Was cleaning my room yesterday, and found this sheet of paper, mostly from last year- around the same time. A small experience- worth sharing, I think. Have a look.
"I got my salary, dad."
"That’s nice... what are you planning to do?
"Dinner, as of now...”
"No, I'm asking what will you do with your salary."
I knew where was this heading.
"Look, dad, not one of your temple things. Have told you a million times, I don't like your gods."
If I can be adamant, imagine what my father would be. I had to relent.
There was still time; I approached the temple with some apprehension. After all, I don't like the idea of someone else controlling our life. There was a long queue, everyone waiting to get a glimpse. Joined the line reluctantly.
15-20 minutes pass, and no visible movement. And I was feeling a bit sleepy; happens when people around you keep chatting in some language you don't understand.
Then I heard the cries. Five-six children, all below ten years, were begging. I thought about the money I was going to donate to the God. Looked as if he would be fine without my hundred bucks. I walked out of the line.
Went to a nearby Thela, and called those kids. They came running- asking for money.
"No money", I said. "Eat what you want."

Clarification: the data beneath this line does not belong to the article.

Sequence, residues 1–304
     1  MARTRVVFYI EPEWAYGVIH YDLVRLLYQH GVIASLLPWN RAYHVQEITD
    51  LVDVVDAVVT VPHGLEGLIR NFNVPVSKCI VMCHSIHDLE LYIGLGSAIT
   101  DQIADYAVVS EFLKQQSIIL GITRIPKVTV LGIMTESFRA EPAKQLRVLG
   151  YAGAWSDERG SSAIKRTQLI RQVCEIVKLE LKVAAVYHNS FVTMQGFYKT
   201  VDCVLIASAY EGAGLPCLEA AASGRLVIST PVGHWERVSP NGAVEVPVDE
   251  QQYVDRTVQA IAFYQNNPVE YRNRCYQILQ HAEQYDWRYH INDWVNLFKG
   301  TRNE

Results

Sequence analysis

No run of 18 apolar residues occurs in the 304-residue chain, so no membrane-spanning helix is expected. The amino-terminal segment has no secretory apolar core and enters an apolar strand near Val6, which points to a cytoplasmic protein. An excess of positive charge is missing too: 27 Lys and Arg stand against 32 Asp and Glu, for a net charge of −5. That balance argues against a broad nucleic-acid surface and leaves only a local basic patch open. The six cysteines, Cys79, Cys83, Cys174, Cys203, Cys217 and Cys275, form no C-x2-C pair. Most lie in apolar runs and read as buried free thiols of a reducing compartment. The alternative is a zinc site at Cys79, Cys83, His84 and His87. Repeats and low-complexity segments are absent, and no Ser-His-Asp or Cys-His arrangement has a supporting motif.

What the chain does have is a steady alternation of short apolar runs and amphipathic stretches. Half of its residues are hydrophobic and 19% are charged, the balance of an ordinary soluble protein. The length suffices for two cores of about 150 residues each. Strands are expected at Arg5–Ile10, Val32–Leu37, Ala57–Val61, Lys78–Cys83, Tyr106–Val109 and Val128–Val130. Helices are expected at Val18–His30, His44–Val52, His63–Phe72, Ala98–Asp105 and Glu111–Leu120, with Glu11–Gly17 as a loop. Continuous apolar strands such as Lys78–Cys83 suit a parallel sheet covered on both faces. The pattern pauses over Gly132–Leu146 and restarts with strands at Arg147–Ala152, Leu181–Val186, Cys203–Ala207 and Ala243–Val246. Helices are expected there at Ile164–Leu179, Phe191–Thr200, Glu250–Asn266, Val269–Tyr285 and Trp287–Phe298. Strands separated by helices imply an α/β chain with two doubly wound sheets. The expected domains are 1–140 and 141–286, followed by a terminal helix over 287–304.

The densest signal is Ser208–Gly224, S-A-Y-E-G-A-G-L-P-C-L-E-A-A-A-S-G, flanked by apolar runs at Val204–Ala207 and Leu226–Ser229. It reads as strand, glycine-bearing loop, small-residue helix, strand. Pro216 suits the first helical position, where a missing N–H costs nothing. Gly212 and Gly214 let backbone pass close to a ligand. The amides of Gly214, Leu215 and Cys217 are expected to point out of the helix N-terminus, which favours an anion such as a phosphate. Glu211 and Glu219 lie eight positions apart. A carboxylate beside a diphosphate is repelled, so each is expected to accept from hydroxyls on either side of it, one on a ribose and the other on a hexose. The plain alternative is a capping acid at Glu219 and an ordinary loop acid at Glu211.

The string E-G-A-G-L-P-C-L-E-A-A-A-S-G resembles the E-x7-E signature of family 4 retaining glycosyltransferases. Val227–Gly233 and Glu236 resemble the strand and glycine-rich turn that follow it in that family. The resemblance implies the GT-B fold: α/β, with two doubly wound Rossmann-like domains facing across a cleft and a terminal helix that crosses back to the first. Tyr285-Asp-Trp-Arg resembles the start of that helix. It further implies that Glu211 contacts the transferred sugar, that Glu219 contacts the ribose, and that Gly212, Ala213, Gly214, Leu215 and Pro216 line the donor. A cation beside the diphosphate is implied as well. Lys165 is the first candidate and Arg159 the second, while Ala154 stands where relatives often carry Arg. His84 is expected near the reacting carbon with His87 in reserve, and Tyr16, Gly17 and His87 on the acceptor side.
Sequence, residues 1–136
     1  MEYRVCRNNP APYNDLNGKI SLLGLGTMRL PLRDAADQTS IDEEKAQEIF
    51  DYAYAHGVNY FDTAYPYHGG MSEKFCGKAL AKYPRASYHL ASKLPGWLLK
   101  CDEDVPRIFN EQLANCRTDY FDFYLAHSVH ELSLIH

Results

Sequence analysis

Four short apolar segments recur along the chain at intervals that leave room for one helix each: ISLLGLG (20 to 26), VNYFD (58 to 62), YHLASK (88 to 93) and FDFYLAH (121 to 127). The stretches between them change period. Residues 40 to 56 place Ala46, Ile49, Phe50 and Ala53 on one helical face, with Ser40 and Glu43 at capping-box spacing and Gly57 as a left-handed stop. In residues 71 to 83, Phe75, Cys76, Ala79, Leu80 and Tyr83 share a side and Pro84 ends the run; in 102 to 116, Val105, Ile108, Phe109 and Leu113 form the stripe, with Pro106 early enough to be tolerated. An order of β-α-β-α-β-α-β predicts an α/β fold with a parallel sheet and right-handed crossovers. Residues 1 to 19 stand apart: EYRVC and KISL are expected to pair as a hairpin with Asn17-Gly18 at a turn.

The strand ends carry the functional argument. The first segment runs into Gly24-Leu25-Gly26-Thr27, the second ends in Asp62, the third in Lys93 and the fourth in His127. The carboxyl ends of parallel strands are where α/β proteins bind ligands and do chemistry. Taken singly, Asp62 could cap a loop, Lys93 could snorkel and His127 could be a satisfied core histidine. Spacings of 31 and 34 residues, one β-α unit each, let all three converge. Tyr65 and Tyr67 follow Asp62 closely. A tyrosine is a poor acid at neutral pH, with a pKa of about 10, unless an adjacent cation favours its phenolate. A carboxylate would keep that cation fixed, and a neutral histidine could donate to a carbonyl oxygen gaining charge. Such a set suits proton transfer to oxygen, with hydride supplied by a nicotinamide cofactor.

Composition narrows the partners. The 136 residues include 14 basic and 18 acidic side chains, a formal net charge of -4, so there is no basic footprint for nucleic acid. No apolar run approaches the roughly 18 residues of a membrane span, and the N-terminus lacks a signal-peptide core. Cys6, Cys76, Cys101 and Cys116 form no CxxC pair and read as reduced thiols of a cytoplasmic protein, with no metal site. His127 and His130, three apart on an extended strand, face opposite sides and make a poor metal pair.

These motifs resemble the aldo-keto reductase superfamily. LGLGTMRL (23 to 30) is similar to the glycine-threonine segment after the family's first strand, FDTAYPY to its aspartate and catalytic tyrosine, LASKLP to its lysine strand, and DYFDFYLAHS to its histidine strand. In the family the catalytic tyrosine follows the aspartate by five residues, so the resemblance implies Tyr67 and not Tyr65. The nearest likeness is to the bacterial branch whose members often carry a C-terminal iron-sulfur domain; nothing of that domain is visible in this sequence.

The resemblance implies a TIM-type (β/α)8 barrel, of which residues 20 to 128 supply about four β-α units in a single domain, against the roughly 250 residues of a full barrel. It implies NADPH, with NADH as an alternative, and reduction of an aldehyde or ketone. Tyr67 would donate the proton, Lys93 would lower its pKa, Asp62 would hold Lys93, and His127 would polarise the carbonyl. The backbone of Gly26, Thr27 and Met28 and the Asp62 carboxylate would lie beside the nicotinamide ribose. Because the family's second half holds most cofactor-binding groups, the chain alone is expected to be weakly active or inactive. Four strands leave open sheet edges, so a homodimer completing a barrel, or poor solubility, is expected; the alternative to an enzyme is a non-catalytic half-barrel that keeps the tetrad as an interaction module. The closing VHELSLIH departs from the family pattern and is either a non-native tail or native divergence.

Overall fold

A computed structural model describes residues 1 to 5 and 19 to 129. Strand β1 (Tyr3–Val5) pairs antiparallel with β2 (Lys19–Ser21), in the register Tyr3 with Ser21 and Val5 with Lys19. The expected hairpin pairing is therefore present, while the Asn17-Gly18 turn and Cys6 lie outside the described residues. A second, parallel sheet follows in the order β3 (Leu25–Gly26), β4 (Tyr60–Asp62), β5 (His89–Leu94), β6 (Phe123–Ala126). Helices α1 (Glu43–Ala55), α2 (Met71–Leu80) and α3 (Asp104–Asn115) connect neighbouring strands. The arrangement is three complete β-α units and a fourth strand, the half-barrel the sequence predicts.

"!@#%^#!@$", the thela owner shouted, trying to scare the kids off.
"ruko bhaiyya", I offered some explanation. "They’re with me, give them what they want. I'll pay."
He didn't understand.
I mean, he didn't get why was I doing this.
After a few more rounds of explanations- the plates began to appear. One kid, the smallest of the lot- around 4, I think, stood by my side and passed the plates to others.
He looked really cute.
"Nice boy", I thought.
When I handed the last plate to him, he shook his head, as if he didn't need it. "Parcel", he said.
I didn't get it. He hardly spoke his mother tongue clearly. After a few minutes of wasted attempts, I asked the shopkeeper for help.
"uska ma ghar mein hai, us ke liye khana le jaana hai."
The kid opened his mouth again: "please."
"You eat this, I'll get another for your mother", I conveyed, with the shopkeeper's assistance.
He shook his head again.
the shopkeeper translated his explanation: "maa not well- uss ko khana khilana hai."
Before I could say anything, the shopkeeper put two parcels in his hands.
"ye mere taraf se saab", he offered.
There were a few hundred rupees left in my pocket. I kept what was required to get back to my room, and gave the rest to the kid.
The look of astonishment, and the smile afterwards, were one the best expressions I've seen till date.